Submitted by Richard Smith on July 9, 2009 - 09:09
The London Science Museum houses some historic exhibits as I found out on my recent visit. I've already posted articles on computing and rockets. Next up I'll cover a series of exhibits that related to the world's first Vertical Takeoff and Landing (VTOL) fixed-wing jet fighter - the Harrier 'jump jet.'
Submitted by Richard Smith on June 10, 2009 - 16:58
While on a recent visit to London I spent an enjoyable afternoon at the Science Museum. What I found was more sustenance for my computing-fluids obsession. In fact I came across enough fascinating exhibits to fill several blog posts. I'll kick off with a computing-themed post, first covering computing prehistory starting with the Babbage Difference Engines and the Phillips Hydraulic Computer, and moving on to the dawn of supercomputing with the Cray-1.
The ongoing Formula 1 (F1) diffuser controversy has raised the awareness in the general public (especially in F1-mad countries, such as the UK) of a key aerodynamic device used in many forms of motor racing. And if one diffuser is good then two must be better, right? So goes the latest thinking in F1.
Submitted by Richard Smith on March 9, 2009 - 14:41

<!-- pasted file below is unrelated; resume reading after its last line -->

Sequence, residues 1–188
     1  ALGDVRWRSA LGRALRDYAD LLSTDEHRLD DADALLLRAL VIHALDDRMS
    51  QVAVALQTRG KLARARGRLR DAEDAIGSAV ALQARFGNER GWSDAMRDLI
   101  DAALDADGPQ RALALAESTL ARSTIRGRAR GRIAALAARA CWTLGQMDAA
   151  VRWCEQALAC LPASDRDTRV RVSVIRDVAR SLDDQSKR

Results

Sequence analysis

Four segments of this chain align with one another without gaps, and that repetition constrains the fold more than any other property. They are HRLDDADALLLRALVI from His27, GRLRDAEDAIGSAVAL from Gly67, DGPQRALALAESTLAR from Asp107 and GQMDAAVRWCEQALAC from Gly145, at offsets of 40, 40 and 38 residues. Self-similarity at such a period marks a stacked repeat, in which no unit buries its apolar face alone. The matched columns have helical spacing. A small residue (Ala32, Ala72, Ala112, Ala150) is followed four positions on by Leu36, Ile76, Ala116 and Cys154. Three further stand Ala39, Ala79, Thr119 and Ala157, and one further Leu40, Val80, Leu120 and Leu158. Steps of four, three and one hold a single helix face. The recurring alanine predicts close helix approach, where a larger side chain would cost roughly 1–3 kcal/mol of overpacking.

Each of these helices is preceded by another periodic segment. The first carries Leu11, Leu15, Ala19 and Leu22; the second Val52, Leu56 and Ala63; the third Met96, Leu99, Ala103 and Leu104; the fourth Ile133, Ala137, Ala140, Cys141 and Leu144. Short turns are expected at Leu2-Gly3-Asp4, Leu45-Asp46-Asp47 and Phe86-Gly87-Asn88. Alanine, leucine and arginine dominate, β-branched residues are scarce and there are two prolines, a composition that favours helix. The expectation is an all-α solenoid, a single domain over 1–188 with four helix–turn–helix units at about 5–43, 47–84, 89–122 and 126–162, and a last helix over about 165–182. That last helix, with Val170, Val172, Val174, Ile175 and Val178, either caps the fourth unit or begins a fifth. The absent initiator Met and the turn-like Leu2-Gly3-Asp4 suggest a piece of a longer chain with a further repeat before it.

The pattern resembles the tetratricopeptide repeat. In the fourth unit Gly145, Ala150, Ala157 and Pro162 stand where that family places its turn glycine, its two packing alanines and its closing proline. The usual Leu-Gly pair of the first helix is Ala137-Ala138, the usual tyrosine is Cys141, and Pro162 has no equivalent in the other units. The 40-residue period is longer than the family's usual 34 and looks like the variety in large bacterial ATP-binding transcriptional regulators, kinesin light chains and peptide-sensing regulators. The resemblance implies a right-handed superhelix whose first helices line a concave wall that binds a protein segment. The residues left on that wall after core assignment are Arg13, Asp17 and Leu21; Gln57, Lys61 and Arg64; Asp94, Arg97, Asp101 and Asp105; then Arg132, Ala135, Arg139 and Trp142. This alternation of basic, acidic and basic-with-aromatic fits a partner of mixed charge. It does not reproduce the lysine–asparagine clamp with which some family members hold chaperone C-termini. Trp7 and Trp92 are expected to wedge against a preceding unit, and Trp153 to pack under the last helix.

Aerodynamic considerations in golf ball design are nothing new, but the other golfing implement, the club, has resisted aerodynamic optimization until now. A new generation of golf drivers is now sporting streamlined, aerodynamic profiles in order to improve driving distances due to reduced club-head drag.
Submitted by Richard Smith on February 11, 2009 - 15:34
You'd think that siting and constructing an offshore wind farm would be all about engineering and financial challenges, but you'd be wrong, at least in the case of the proposed Cape Wind wind farm in the waters off Cape Cod, Massachusetts. Cape Wind is a US$900 million project that aims to construct and run 130 horizontal-axis wind turbines to generate 468 (at peak) megawatts on Horseshoe Shoal in Nantucket Sound.
Offshore Wind Turbine: Kentish Flats, EnglandLicensed: CC BY 2.0, phault
Submitted by Richard Smith on January 28, 2009 - 14:53
The economist Joseph Schmumpter popularized the idea of Creative Destruction, which states that the rise and fall of companies is an integral part of long-term economic growth. You'll find a similar theme in The Innovator's Dilemma. Given the current economic crisis we've seen a lot of companies in near freefall. There's the fall, where's the rise?